Cambodia is a beautiful country, nestled between Vietnam, Thailand and Loas. The landscape is very diverse, and ranges from incredible tropical islands with beautiful white sandy beaches, to mountains, to bustling cities, to ancient temples.
Although Cambodia is a very popular country on the backpacking trail, it didn’t feel as well travelled as places like Vietnam and Thailand.
From 1975-1979 the country was under the power of the brutal Khmer Rouge. During the four years that the party was in charge, they massively reversed the country’s progress, making people from the city go and work in the countryside on farms. Up to two million people lost their lives under the regime – including whole families lost to starvation, disease, and execution. This devastation is still felt by the country and has left its mark. The capital, Phnom Penh is home to the former Tuol Sleng prison, and the Killing Feilds, where thousands of people were thrown into mass graves. The long-lasting effects of the Khmer Rouge meant that for a long time, Cambodia was not open to tourism, and had very little money, hence why many areas do not have the tourist infrastructure that can be found in other South East Asian countries. For many people, this is offputting and I have heard lots of people say they did not enjoy Cambodia as much as the other countries. For me, I think it may be my favourite. The people were so wonderful, the country so beautiful, and it has so much to offer.
The place I spent most of my time was Phnom Penh, the capital city. I was doing a volunteering project teaching at a charity school on the outskirts. The Cambodian government legally only requires students to be in school for half a day, 5 days a week. Due to this, many children never receive quality educations and the poverty cycle is hard to break. I know that teaching English is quite controversial as it seems like an attempt to globalise the world and more subtly reinforce imperialism, but for the Cambodian children, it enables them to go into better jobs and university. The school I taught at was set up by a Dutch charity. It provided the other half a day of schooling for the local children so we got two groups – one in the morning and one in the afternoon. The extent of the poverty in the area that the school was in was shocking. Some of the children did not have clean drinking water, some had to go home and teach English to their younger siblings and were only kept out of work because the school sponsored them. The school sponsorship gave the families of 20 children either a rice allowance or some money.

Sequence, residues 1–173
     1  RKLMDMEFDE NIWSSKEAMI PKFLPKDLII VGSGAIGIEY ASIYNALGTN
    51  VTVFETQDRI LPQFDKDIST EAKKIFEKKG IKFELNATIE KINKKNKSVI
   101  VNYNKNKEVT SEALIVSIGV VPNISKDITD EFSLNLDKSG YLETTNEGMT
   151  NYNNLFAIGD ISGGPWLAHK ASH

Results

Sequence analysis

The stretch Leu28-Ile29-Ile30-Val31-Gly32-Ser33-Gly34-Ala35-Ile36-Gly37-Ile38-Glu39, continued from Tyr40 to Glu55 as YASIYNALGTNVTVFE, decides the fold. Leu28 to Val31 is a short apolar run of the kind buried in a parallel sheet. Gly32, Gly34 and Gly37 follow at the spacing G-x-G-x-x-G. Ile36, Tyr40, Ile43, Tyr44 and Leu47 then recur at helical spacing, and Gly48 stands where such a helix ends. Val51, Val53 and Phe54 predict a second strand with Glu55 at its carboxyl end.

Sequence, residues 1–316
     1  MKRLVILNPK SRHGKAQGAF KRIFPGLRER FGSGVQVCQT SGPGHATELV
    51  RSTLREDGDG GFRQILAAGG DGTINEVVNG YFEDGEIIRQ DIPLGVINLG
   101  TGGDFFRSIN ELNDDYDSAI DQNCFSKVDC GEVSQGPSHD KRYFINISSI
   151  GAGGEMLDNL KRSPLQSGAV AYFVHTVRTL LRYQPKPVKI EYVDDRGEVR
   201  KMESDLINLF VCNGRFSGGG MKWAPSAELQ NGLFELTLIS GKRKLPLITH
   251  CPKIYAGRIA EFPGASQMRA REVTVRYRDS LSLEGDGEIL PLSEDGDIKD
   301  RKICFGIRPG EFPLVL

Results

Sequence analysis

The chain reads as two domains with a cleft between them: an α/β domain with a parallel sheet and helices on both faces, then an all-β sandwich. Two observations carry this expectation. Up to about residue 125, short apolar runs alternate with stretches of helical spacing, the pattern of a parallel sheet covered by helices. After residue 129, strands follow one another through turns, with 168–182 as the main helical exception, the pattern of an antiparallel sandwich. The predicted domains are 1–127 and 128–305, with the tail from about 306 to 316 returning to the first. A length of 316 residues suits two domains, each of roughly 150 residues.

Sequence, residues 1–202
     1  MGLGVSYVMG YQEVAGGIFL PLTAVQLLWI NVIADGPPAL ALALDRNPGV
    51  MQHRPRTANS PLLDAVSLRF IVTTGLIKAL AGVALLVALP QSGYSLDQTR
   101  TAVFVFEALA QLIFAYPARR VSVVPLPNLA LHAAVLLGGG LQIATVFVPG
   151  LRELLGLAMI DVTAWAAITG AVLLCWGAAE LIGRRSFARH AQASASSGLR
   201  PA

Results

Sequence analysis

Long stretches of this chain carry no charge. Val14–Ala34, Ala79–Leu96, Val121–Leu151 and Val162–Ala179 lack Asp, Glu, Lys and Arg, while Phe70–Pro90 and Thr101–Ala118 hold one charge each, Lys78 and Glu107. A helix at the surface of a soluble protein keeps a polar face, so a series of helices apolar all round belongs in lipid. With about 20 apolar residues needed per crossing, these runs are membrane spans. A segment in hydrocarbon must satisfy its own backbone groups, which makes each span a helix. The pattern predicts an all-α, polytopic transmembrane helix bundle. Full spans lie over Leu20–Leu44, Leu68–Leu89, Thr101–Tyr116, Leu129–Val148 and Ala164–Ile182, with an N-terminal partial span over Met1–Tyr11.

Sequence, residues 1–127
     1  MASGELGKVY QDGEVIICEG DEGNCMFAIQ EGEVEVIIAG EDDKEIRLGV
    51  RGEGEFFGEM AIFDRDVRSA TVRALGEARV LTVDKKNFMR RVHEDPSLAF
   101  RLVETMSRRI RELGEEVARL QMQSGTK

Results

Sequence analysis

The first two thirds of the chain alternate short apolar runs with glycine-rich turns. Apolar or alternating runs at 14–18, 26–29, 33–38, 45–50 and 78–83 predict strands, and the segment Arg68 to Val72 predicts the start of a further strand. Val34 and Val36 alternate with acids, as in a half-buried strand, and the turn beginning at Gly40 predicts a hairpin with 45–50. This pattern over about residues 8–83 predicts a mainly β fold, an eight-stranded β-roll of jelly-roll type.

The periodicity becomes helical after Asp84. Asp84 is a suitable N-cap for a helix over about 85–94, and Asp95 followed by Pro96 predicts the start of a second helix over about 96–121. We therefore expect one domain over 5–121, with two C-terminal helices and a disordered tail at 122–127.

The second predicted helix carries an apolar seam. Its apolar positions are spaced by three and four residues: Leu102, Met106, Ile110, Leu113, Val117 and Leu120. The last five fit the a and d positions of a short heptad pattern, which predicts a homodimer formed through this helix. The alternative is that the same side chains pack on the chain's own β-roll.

In Phnom Penh a whole bunch of us volunteers were staying together across two guest houses next door to each other. It was fantastic to always be surrounded by such a great group of people and we all became friends really quickly. We had a project coordinator called Hong, who was absolutely fantastic and ended up becoming one of my best friends. We all hung out loads in the evenings and went to bars, or out for dinner. One of our favourite spots was a hotel called tea party that let us use the pool when we bought drinks or food, they had the most amazing lime juice so I had no complaints!
In Phnom Penh, the most popular way to get around is by tuk-tuk. To take us to and from our projects we had a regular driver called DH (I never found out what this stood for), but there were always a friendly group of drivers hanging around by our hostel. I remember one evening, it was one of their birthdays and they set up a speaker to play some music and got some food and some beers. They invited us over to come and sit in the tuk-tuks and celebrate with them. It was small gestures like this that made me fall in love with it, because people were so open and friendly and always ready to have fun. Phnom Penh had lots of really cool rooftop bars where we spent many evenings. There is also a river that runs through Phnom Penh called the Tonle Sap, one evening we went for a sunset cruise down the river, which was beautiful. Phnom Penh has some really cool markets and temples that we visited on the weekends.
I was really blown away by Cambodian food. It is not something that I had ever encountered, so I didn’t really know what to expect. The picture above is a fish Amok curry (but they also have chicken and other meat ones). It was so delicately spiced and perfectly fragrant that it’s hard not to love! Another favourite was beef lok-lak: a stir fry of thin beef strips. It would normally come with a little bowl of salt and pepper on the side which you squeeze a lime into to make a sauce. I also had a rice soup (I don’t know what the actual name for it is) with chicken and like a savoury pastry that you dip into it. You can easily find great noodles, rice and dumplings as well! As I mentioned before, the lime juice is also incredible and you can pretty much find it everywhere!
Keep your eyes peeled for some other posts on Cambodia!